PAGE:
Francis Ford Coppola Explains How 'The Godfather' Changed His Life
Francis Ford Coppola says it's "absolutely true that Mario [Puzo] 'made' me and his novel The Godfather changed my life" in a new foreword he's written to accompany the 50th anniversary edition of the book he adapted into the legendary film.
Having dismissed Puzo's book as "a potboiler filled with sex and silliness" on first reading, Coppola discovered there was something timeless inside it on a second pass, according to the extract featured on Entertainment Weekly.
"What I discovered was that lurking within was a great story almost classical in its nature; that of a king with three sons, each of whom had inherited an aspect of his personality," he writes. "I thought that if I could just extract that part of the book and make the film about that, then I could work up some enthusiasm for it."
"In the scene where Clemenza describes a recipe to Michael, I had written, 'First you brown some sausage, and then you throw in the tomatoes…' Mario scribbled, 'Gangsters don’t brown, gangsters fry.' And it was like that, throughout my draft of the script — just a handwritten note here and there, but they made a powerful difference."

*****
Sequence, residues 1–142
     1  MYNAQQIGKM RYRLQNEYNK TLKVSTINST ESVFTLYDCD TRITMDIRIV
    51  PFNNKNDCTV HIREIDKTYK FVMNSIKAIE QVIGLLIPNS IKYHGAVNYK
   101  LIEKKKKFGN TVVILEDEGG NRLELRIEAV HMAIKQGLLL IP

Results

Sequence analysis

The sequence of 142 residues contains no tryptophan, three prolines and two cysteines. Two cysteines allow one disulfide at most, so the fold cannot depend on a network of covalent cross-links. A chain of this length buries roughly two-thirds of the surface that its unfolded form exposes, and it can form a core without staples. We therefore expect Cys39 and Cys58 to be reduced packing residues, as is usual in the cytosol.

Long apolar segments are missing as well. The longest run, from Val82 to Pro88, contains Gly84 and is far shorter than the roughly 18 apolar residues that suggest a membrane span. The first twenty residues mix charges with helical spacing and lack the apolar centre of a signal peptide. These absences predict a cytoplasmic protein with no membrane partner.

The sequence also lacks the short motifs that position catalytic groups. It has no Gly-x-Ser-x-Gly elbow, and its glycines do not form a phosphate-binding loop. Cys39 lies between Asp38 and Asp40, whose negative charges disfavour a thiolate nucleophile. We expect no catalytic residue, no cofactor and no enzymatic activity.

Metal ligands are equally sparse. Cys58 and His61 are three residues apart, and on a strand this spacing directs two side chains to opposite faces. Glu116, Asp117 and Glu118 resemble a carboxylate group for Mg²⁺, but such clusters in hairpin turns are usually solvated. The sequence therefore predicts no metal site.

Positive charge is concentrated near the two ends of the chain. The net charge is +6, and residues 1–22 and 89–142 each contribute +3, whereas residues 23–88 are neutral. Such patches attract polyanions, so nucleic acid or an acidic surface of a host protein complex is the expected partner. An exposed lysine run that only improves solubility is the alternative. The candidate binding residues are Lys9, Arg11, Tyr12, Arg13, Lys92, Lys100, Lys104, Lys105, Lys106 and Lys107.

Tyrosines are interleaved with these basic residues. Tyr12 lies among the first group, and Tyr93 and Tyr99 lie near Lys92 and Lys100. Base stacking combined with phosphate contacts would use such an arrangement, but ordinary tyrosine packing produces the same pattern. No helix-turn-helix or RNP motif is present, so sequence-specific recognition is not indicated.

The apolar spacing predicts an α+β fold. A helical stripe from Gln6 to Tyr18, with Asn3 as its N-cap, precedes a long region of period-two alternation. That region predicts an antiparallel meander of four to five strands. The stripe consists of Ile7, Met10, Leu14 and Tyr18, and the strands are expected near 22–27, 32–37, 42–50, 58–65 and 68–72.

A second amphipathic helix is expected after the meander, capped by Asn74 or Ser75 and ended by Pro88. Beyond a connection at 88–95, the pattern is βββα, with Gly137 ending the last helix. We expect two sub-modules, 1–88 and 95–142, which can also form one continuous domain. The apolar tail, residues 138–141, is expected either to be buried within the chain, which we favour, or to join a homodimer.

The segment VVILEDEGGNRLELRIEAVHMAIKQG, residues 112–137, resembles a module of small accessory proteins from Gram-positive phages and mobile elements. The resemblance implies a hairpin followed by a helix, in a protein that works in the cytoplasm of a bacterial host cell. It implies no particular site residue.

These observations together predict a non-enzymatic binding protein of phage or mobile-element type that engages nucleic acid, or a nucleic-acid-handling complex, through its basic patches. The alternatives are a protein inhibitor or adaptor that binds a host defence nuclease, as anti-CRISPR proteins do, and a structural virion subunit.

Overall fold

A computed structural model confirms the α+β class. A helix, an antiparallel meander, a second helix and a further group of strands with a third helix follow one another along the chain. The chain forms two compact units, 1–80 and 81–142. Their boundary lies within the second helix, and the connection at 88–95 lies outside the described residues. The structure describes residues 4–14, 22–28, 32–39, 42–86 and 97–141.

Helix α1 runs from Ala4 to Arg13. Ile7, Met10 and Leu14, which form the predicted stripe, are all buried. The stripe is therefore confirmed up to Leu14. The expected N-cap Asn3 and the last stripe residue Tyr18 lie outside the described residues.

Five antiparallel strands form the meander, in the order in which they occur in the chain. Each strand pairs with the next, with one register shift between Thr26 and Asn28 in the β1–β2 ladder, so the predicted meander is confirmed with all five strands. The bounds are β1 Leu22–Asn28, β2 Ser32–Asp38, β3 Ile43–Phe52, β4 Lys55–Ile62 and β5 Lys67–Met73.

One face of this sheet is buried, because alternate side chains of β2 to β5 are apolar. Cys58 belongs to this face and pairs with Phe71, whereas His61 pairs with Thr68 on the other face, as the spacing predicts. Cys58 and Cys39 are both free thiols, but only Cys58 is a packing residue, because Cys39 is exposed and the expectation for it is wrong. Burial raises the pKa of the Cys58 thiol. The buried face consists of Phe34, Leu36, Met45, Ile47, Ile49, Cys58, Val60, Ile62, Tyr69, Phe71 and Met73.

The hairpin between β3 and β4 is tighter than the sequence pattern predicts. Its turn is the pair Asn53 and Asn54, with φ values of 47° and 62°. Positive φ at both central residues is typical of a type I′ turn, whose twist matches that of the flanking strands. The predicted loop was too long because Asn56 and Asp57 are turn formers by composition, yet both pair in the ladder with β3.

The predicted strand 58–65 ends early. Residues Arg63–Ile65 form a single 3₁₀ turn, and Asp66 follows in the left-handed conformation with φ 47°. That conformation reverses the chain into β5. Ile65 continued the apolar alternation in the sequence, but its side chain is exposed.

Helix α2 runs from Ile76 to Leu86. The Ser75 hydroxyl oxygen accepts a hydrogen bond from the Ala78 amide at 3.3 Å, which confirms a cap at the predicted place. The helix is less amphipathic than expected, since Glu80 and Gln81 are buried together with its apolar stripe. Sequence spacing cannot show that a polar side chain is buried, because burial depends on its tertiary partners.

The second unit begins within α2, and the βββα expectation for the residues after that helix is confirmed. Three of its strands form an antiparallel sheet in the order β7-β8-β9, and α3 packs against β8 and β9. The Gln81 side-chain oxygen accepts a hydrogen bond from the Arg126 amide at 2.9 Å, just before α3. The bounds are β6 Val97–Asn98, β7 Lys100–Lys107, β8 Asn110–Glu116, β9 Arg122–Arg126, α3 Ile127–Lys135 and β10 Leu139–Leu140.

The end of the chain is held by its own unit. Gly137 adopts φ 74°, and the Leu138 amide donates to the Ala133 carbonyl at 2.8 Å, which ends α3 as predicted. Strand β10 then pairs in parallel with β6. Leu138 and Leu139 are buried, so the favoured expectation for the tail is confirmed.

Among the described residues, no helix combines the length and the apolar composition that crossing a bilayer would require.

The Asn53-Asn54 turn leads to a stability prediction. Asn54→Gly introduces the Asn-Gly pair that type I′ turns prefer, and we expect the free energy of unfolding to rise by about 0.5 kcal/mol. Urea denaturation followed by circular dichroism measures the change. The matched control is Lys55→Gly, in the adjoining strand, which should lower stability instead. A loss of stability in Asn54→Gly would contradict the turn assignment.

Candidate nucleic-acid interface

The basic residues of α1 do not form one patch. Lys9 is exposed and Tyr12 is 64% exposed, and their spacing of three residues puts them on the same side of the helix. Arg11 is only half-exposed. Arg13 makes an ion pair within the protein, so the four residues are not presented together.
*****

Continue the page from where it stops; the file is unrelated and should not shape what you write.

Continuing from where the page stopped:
Coppola remembers himself at the time as "the young man who’d caught lightning in a bottle... a shy kid from Queens, a perpetually bad student who had been temporarily paralysed by polio", but found a good friend in Puzo.
"I just loved to be around him," Coppola says. "I loved him like a favourite uncle. He was so much fun to be with, so warm and wise, funny and affectionate." Coppola took his advice about never letting mobsters think that they know you or have befriended you too - when John Gotti, the head of the Gambino crime family in New York, turned up on the set of The Godfather II looking to make his acquaintance, Coppola turned him away. Probably sensible.
This story originally appeared on Esquire.co.uk.
* Minor edits have been made by the Esquiremag.ph editors.